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Volume XII, Number 182

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Massachusetts Appeals Court Rejects Whistleblower’s Constructive Discharge Claim

Employees who resign from work, sue their employer, and assert “constructive discharge” shoulder a heavy burden to demonstrate that they had no choice but to resign. A recent decision of the Massachusetts Appeals Court, Armato v. Town of Stoneham, shows just how heavy that burden is.

In Armato, the Appeals Court rejected an employee’s constructive discharge claim under the public employee whistleblower statute, M.G.L. c. 149, § 185, finding that a reasonable employee would not have felt compelled to resign under the circumstances. Like many decisions siding with the employer on such a claim, the court deemed the alleged retaliatory acts insufficiently severe, pervasive, or related to the alleged protected conduct. Notably, the court also “balanced” the allegedly retaliatory acts against the positive working relationship between the employee and his immediate supervisors, of whom he “thought pretty well” and who “treat[ed] him in a friendly manner” even after he engaged in the protected activity, and determined that such a working environment undermined a constructive discharge claim.

Although Armato involved a claim under the public employee whistleblower act, its reasoning applies to any constructive discharge claim under Massachusetts law. Thus, when defending such claims, employers should consider whether the broader context demonstrates that the employee’s overall working conditions were tolerable or potentially even favorable. To increase the likelihood that overall working conditions are sufficiently favorable to refute a constructive discharge claim, employers should adopt an effective anti-retaliation program that includes providing anti-retaliation training for managers. Employers should also document decisions affecting an employee’s terms and conditions of employment so that they can establish that the employee’s work environment does not support a constructive discharge claim.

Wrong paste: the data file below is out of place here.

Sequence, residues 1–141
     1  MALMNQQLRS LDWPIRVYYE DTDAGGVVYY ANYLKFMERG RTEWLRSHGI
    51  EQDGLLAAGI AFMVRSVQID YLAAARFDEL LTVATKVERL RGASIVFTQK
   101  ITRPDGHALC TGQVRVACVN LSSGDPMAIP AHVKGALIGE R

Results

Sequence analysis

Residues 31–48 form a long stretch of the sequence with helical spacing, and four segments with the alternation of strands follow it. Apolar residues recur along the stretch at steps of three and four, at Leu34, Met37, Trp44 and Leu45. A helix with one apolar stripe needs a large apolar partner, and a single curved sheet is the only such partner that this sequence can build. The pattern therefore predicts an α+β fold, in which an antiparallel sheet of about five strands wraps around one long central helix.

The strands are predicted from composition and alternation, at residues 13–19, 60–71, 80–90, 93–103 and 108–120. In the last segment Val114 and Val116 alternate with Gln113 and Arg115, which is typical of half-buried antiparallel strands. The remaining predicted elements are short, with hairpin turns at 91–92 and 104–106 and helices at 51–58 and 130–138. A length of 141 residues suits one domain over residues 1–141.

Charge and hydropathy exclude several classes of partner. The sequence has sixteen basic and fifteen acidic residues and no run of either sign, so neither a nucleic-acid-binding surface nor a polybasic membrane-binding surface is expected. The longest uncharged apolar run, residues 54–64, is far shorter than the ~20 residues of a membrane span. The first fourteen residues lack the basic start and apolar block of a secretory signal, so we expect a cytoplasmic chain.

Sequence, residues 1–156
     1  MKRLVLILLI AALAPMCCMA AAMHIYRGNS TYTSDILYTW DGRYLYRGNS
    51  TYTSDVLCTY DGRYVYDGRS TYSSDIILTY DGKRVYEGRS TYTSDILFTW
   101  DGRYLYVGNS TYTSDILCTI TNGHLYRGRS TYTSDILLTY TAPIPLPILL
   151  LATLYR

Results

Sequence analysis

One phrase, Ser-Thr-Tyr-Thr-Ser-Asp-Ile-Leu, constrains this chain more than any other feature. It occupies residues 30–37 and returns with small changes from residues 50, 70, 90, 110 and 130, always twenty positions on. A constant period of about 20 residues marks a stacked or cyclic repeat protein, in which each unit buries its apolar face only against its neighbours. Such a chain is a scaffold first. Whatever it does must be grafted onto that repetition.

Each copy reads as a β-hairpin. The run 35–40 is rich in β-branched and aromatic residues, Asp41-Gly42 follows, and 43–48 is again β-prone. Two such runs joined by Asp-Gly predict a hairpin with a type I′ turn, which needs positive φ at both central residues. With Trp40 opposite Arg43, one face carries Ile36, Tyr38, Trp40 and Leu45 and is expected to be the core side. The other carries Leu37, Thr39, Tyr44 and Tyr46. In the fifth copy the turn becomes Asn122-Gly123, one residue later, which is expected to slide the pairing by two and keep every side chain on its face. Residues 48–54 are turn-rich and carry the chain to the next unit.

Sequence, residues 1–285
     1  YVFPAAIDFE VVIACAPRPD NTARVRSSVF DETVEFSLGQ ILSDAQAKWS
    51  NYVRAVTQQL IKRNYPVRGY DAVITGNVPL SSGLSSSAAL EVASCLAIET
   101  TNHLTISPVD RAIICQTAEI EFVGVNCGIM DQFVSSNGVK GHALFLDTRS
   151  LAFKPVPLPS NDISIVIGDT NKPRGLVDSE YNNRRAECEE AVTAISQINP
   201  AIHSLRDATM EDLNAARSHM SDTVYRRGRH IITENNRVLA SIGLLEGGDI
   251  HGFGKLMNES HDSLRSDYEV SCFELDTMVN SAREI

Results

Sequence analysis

©2022 Epstein Becker & Green, P.C. All rights reserved.National Law Review, Volume XII, Number 130
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About this Author

Greg Keating Employment Litigator Epstein Becker Green Law Firm
Member

Greg Keating’s top-notch skills in and out of the courtroom have won him the respect of employers. He is both a trusted advisor on a panoply of employment issues and a much sought-after whistleblower defense attorney. Greg also defends employers in a wide range of other employment disputes. He draws on more than 25 years of experience as a litigator and employment lawyer to help clients successively resolve their workplace issues.

Trusted Advisor

Employers seek Greg’s daily advice on every type of employment issue. He also regularly advises a substantial...

617-603-1080
Francesco DeLuca Labor Employment Attorney Epstein Becker Law Firm Boston
Senior Counsel

Resolving labor and employment disputes is at the heart of Fran DeLuca’s practice. Employers in the financial services, technology, health care, life sciences, and manufacturing industries rely on Fran to represent them in state and federal courts and before administrative agencies in a wide array of disputes, including cases involving sensitive allegations of discrimination and harassment, high-stakes wage and hour class actions, and unfair competition matters. Regardless of the type of case, Fran develops creative and practical litigation strategies to reduce or...

617-603-1082
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